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    Allright, thanks! So probably good idea to switch from instant to ground dark roast just to stay within RDA's on B3?
     
  5. Hans

    Hans Member

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    Tryptophan can convert to B3. IIRC 2g of tryptophan can synthesize 30mg B3. Else you can just supplement like 100mg daily.
    Easy calories are fruit juice and dates blended with butter and desiccated coconut (after blending together I roll then into balls for easy snacking). Tastes amazing and you can eat a ton of it.
     
  6. jamies33

    jamies33 Member

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    I dont know. Prominent forum members swear by instant coffee: Magnesium In Coffee
     
  7. OP
    Uselis

    Uselis Member

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    Dates are awesome! The only semi quality juice I can get there is apple juice but I think consuming like a quart daily has pectin concerns?

    Otherwise do you think it's good idea to try no starch?

    I've been reading lots of old threads and found one guy who is/was coach. He had a playing team of some sport and reported improved sleep of his players post game switching to sugars from starch.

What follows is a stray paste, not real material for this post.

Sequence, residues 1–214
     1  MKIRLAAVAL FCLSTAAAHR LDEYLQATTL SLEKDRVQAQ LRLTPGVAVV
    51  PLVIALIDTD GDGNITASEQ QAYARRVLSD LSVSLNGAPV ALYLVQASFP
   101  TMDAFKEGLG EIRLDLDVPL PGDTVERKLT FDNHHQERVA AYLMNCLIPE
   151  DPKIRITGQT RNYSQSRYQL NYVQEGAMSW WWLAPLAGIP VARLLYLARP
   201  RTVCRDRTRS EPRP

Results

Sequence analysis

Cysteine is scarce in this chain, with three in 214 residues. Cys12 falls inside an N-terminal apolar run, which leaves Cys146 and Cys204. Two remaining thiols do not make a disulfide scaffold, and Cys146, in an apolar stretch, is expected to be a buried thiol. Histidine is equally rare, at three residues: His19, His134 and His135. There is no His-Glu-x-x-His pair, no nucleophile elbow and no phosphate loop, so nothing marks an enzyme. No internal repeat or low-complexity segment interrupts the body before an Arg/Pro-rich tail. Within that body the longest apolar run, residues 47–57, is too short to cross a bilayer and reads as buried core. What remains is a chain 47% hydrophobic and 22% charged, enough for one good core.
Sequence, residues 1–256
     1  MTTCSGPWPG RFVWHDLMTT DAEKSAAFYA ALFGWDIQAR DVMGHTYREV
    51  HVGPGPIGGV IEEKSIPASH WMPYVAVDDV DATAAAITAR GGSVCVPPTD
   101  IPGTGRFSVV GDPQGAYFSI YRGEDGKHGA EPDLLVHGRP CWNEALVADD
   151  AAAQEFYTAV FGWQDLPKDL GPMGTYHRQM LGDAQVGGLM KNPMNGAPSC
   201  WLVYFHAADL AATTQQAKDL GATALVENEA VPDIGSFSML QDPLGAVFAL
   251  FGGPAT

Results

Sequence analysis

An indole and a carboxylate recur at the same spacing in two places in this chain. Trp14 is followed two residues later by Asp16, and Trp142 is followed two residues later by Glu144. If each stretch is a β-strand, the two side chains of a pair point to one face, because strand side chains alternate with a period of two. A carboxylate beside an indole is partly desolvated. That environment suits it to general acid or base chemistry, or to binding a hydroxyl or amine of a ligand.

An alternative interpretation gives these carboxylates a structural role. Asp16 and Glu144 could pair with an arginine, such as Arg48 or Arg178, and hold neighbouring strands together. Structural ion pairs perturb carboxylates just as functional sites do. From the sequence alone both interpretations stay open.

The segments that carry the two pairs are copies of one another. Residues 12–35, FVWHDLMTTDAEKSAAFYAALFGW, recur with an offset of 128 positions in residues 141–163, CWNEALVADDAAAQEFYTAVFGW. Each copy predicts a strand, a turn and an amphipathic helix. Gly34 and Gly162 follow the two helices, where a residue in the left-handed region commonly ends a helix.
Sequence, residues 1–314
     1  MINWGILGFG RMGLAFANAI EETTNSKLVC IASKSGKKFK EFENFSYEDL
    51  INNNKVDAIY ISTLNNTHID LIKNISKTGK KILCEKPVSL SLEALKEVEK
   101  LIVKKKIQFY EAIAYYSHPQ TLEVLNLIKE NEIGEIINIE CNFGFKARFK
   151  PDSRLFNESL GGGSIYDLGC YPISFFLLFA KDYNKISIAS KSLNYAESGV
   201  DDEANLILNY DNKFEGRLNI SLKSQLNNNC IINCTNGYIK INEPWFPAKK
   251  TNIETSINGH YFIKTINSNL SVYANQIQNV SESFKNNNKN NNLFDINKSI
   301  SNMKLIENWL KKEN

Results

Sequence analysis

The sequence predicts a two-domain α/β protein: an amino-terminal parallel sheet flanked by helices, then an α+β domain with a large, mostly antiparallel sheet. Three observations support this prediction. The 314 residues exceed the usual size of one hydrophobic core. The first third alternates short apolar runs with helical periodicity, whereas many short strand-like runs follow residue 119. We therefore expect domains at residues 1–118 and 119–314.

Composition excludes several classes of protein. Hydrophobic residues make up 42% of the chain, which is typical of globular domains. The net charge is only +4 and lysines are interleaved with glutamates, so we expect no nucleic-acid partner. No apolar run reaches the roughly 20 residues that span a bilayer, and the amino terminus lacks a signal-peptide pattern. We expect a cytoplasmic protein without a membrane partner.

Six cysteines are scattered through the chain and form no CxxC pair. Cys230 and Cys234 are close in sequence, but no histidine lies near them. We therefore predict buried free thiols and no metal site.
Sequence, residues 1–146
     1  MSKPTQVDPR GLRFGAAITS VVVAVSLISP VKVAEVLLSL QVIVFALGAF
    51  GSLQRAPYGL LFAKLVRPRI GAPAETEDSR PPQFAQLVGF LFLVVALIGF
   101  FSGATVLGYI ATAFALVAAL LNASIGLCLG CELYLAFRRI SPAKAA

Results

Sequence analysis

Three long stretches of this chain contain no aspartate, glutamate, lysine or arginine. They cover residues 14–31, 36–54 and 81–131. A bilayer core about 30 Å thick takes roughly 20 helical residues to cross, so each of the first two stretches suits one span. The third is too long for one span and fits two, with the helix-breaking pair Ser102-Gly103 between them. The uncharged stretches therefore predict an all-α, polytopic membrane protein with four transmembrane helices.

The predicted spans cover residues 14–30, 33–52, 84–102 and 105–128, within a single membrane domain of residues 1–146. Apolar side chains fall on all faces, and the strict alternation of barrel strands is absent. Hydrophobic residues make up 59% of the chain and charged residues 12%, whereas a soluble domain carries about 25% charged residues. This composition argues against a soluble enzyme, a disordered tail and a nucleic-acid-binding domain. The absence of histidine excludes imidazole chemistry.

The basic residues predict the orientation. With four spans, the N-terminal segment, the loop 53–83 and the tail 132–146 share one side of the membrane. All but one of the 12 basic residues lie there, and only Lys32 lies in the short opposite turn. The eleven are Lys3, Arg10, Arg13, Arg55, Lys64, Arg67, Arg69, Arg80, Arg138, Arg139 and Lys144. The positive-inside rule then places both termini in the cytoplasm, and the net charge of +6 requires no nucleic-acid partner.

8. Hans

    Hans Member

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    Much of the pectin should be removed in the juice and if you don't react negatively to it then it should be fine.

    Yeah lots of people benefit from cutting out starches, but then again, others benefit from having starches. It would be good to experiment.
     
  9. redsun

    redsun Member

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    Salmon is great source of vitamin E and overall is good for many nutrients. As others have said, Niacin is not problematic I would say since you have 1g of tryptophan in the diet and overall micronutrients intake are good. You are likely able to make a decent amount of niacin endogenously. I see on cronometer you already have a decent caffeine intake, I wouldnt go higher on it personally.